Theodicy Summary

Overview (Literary Essentials: Christian Fiction and Nonfiction)

Gottfried Wilhelm Leibniz’s Theodicy was published six years before his death and has the distinction of being his only book-length philosophical work published during his lifetime. Leibniz coined the term “theodicy,” which means “vindication of the justice of God.” For Leibniz, a product of the French Enlightenment, the proper way of vindicating the justice and goodness of God in the face of evil was through reason, not faith. The overarching theme of the Theodicy is that at least some religious doctrines can be rationally demonstrated and need not be taken as articles of faith.

The problem of evil involves the apparent inconsistency of the existence of a morally perfect and omnipotent God and the existence of evil. If God were morally perfect, it seems that God would want to eliminate all evil, and if God were omnipotent, then it would be within God’s power to eliminate evil. Thus it seems that evil could not exist if God does. However, since evil obviously does exist, it appears that God either does not exist or is not both morally perfect and omnipotent. Leibniz, who wanted to retain the orthodox conception of God as a morally perfect and omnipotent being, thus needed to explain why God allows evil. In the context of Leibniz’s philosophy and his fundamental theological principle that God always chooses the best, the challenge thus became one of explaining how the actual world, with all of its evil, is nevertheless the “best of all possible worlds,” to use Leibniz’s phrase.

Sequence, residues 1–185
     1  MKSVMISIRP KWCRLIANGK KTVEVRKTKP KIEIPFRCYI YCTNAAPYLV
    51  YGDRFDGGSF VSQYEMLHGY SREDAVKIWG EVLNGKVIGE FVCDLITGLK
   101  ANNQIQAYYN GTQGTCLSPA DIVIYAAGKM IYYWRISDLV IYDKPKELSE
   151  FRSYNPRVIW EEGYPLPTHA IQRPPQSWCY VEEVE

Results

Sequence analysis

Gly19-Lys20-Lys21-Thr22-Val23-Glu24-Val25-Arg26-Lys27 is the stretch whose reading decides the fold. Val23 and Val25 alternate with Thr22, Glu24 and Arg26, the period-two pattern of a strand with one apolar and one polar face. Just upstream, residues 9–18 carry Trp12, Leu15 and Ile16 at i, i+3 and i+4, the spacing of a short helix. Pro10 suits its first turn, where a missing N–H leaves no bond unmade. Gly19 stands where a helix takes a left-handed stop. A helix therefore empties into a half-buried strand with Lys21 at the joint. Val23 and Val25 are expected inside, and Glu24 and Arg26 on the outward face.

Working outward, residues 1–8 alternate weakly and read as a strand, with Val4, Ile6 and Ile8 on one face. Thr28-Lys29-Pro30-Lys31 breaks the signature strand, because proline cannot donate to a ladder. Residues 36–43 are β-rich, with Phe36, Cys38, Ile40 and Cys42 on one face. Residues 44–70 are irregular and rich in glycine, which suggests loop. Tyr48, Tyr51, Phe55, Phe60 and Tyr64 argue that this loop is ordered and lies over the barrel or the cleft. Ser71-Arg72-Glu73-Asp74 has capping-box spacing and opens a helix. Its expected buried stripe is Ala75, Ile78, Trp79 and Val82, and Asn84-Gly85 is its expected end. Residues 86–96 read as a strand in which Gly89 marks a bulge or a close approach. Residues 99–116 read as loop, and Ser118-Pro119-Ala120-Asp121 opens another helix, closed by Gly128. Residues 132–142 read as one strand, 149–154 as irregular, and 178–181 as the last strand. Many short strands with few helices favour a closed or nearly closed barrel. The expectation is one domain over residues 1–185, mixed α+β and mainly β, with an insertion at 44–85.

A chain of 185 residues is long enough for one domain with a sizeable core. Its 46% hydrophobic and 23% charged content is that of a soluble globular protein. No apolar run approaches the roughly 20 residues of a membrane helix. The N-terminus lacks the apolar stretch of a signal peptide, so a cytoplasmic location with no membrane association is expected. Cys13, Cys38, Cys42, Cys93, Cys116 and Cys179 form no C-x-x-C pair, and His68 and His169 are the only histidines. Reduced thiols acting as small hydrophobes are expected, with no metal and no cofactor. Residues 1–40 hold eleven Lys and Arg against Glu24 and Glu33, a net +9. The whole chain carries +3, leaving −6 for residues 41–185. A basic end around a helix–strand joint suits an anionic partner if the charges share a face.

Leibniz begins by distinguishing three types of evil: metaphysical evil (the evil involved in the existence of any finite and imperfect thing), physical evil (pain and suffering), and moral evil (sin resulting from human free will). Metaphysical evil is a problem for theism because it may seem that a perfect God would create a perfect world, and so the fact that this world is not perfect shows that such a perfect being does not exist. Leibniz’s response is that while God can do anything that is logically possible, it is not logically possible for God to create a perfect world because such a world would be indistinguishable from God. Thus, to avoid the heresy of...

(The entire section is 897 words.)